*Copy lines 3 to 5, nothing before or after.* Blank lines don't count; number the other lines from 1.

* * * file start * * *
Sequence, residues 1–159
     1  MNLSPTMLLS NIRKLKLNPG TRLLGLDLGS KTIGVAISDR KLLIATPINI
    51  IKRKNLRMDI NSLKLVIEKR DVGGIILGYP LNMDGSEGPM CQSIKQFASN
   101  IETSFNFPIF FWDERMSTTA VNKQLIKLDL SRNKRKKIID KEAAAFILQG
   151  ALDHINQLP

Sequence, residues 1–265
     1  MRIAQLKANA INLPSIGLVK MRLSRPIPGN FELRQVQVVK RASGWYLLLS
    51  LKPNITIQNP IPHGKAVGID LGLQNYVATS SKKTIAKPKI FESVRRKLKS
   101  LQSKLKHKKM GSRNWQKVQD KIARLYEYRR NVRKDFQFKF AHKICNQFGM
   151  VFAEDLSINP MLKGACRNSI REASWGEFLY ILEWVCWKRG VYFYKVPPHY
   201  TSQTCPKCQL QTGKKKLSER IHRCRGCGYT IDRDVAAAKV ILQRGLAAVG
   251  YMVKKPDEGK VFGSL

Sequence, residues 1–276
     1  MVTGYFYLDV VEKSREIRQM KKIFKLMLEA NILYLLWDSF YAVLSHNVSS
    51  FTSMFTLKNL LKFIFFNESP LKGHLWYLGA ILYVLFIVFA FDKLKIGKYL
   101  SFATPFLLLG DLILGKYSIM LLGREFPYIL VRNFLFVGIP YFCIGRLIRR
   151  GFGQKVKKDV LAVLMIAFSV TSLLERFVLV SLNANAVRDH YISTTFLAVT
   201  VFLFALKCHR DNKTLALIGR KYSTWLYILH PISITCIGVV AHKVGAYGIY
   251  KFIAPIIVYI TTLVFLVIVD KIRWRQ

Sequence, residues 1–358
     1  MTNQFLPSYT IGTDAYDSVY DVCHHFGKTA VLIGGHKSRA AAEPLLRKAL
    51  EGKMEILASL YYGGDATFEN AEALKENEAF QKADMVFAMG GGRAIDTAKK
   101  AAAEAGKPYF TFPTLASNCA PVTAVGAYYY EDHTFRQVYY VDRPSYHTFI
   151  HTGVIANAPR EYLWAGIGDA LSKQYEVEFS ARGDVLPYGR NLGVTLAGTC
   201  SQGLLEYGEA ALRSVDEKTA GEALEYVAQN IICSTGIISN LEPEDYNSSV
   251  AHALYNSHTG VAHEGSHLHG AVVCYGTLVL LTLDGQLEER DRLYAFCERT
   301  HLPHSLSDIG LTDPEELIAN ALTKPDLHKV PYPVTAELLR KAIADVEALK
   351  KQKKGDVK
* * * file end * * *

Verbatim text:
    51  IKRKNLRMDI NSLKLVIEKR DVGGIILGYP LNMDGSEGPM CQSIKQFASN
   101  IETSFNFPIF FWDERMSTTA VNKQLIKLDL SRNKRKKIID KEAAAFILQG
   151  ALDHINQLP